Let me add specifics about the Domain:
Windows XP SP3 Workstations ('86)
Windows 2003 Domain Controllers ('86)
Again, I have tested with roaming profiles, local profiles, local administrator profiles, anti-virus disabled; all fail to allow Reader's Protected Mode to start.
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I would like to know, what error do you get when you launch a pdf file in Reader X. Do you get the Incompatability dialog as shown below?
Do you access the PDF files through a Distributed File System?
Do you access the files through a Citrix Server?
Do you use Roaming profiles?
These are the cases where you Reader does not open up in protected mode. I have tried using Reader X on a domain and it opens up in protected mode.
Hi, Vinod Dobhal, thanks for the reply. That is the error. It does not matter if anti-virus is disabled, if a local or roaming profile is used. The file is on the local drive, or just starting Adobe X with no file will generate the error dialog that you show. It is entirely possible that some lock-down is interferring, we use the Federal Guidelines for lockdowns, and scan with Retina. My initial thoughts, after reading the link and posts in this forum, was that it was because of roaming profiles, but that was quickly disproved by using administrator accounts (which are local accounts).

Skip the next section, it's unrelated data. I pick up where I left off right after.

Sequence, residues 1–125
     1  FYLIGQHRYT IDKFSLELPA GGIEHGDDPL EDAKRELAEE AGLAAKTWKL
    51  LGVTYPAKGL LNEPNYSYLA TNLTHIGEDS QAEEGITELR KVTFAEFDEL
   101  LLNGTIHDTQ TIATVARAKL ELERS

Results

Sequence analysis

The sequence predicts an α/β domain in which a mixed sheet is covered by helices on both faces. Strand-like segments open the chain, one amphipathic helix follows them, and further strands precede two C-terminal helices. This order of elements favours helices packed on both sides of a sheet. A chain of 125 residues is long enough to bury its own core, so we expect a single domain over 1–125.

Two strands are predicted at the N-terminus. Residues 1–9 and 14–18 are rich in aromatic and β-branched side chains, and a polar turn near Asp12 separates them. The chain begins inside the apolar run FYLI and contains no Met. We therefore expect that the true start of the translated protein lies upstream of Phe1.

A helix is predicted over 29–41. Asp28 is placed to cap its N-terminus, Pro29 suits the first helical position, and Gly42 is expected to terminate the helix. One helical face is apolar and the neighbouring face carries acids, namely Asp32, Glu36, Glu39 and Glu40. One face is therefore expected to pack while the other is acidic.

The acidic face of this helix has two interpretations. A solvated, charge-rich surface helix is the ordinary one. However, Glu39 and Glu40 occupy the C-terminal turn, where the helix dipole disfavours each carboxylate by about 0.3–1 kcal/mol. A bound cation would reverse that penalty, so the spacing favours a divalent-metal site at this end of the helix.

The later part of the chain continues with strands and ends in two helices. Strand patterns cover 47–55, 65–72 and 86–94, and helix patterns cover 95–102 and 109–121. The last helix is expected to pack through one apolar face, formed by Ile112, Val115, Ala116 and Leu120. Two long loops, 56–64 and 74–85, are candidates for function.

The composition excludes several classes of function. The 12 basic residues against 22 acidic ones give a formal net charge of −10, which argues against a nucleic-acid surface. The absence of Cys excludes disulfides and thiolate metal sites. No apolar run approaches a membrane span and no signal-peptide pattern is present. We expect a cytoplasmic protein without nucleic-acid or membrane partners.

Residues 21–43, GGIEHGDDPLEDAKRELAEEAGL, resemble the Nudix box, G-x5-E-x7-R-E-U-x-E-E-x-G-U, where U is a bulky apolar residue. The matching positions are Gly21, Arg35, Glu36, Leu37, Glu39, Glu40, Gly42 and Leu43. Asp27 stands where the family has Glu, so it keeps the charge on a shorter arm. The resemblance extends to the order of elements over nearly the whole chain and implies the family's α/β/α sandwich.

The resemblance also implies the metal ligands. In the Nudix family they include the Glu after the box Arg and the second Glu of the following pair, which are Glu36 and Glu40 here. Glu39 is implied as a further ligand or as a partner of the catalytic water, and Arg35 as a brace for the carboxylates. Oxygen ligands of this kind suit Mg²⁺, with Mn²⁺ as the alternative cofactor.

The real problem in all of this is that Protected Mode is supposed to mitigate the listed CVEs, and if I cannot use Adobe Reader X with Protected Mode these CVEs are open on my computers. Internally the program has determined that it cannot start in protected mode, but it seems unable to communicate the reason.
Can you please tell the incompatibility dialog you are observing is on the cleint system i.e WinXP or in the domain controller i.e Win2003 in your case?
There is no point in attempting to "Beta" my results, as I cannot operate with this type of software. My requirements are for fully patched systems or mitigations in place (that cannot be influenced by regular users). Adobe elected to not patch Reader X for the two vulnerabilities listed in the header, relying instead on a non-operative, or best case user manipulated "Protected Mode" as mitigation. User operated controls do not satisfy the requirements on my systems, and even if user operation of "Protected Mode" were disabled, Reader X continues to fail to start in "Protected Mode" in my environment.
The idea behind security on IT assets is to not only protect the systems from external threats (www, hackers), but also from internal threats, such as normal users. These two vulnerabilities could easily have exploits loaded on CD-ROM or floppy and a normal user could disable "Protected Mode" in Reader X to make use of them. So, even if "Protected Mode" is usable the vulnerabilities remain open.